Local beneficiaries include teachers and administrators, who are offered bonuses if schools and districts get high ratings. Real estate agents sell houses based on how local schools rank. Teachers’ unions hope to leverage high scores into bigger salaries. Newspapers publish the scores and editorialize in favor of the test.
Texas media and politicians love testing because it’s easy to sell. Who can deny education in Texas was in bad shape before the revolution took hold in the early nineties? Now look at the test scores. They just keep on going up! And they do so without significant investments in education! (Texas is 35th in school spending nationwide per student for the 1999-2000 year.) Eighty-five percent of students reportedly passed last year’s TAAS!
What’s wrong with demanding a minimum competency from all students regardless of ethnicity or race? Minority test scores are up too! A business-like approach to education, one that drills and tests to produce quantifiable results, promises efficiency. And who among us would argue against accountability?
“Ours is a credentialization kind of society,” notes San Antonio School Superintendent Ruben Olivares. “Should I not prepare you to be able to take a test and demonstrate your skills?”
But reports from the frontlines by people who teach in classrooms tell a far different story. Becky Mcadoo, a recently retired 16-year veteran teacher describes her tenure: “It became like an assembly-line education. Nothing mattered but the TAAS.”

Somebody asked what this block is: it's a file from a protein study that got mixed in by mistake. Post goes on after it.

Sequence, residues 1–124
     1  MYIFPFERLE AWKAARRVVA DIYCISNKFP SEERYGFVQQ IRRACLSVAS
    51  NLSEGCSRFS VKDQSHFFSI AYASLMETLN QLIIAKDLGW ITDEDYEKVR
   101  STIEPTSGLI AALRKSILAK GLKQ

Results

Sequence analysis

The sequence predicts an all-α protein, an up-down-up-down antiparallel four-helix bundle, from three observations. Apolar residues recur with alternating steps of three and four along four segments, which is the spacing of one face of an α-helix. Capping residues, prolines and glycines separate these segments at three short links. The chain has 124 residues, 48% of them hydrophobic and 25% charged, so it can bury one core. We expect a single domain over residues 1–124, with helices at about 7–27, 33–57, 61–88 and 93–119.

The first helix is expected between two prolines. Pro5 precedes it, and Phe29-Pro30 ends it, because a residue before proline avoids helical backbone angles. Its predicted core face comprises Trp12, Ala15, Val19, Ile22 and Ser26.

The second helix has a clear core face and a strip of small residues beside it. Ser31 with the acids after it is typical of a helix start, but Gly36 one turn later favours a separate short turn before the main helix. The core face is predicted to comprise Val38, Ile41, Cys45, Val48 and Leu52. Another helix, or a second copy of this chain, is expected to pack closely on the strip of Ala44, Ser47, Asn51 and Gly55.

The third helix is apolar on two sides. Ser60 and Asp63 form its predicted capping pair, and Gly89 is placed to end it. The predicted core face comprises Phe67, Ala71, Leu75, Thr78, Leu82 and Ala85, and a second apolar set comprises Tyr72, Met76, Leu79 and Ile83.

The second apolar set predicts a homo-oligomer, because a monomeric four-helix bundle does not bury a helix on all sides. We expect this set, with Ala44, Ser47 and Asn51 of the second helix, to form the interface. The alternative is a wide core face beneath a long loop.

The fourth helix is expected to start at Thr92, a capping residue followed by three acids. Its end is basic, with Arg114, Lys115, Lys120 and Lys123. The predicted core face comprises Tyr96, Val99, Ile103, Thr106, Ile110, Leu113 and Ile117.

The American Educational Research Association, the National Research Council, the American Psychological Association, and the National Academy of Sciences all agree that total focus on a sole indicator with high-stakes consequences for children is unethical. And even the hardest-hearted bottom liner should take notice that the numbers simply don’t compute. The TEA’s claims of success are as slippery as the creative accounting making headlines on business pages.
Under pressure from politicians, businessmen and administrators, school districts consistently inflate scores. There are various ways to game the system. As the TEA cracks down on one scheme, another surfaces. Until recently a popular method was simply to stick a child in a special education section where their TAAS scores won’t be counted. Consequently, from 1994 to 1998, as TAAS scores rose, the number of special education kids in Texas grew by 60 percent.
“There are schools where teachers tell us a principal or a counselor will sometimes apply for a special education designation for a kid, knowing they’re going to be turned down, but in the meantime, the kid won’t have to take the TAAS,” reports Linda McNeil, a professor at Rice University, and a vocal critic of the system.
“I have seen principals encourage parents to have their kids be sick on test days,” affirms Deborah Diffily, who taught kindergarten and first grade for eleven years in Fort Worth before becoming a professor at SMU.
Diffily also saw firsthand how the effort to raise scores led to an intense focus on “the bubble kids.” These were children right on the cusp of passing. Helping the bubble kids pass is statistically significant but not educationally so. By focusing on a small middle cluster, it stiffs those children most at risk and those most inclined to achieve.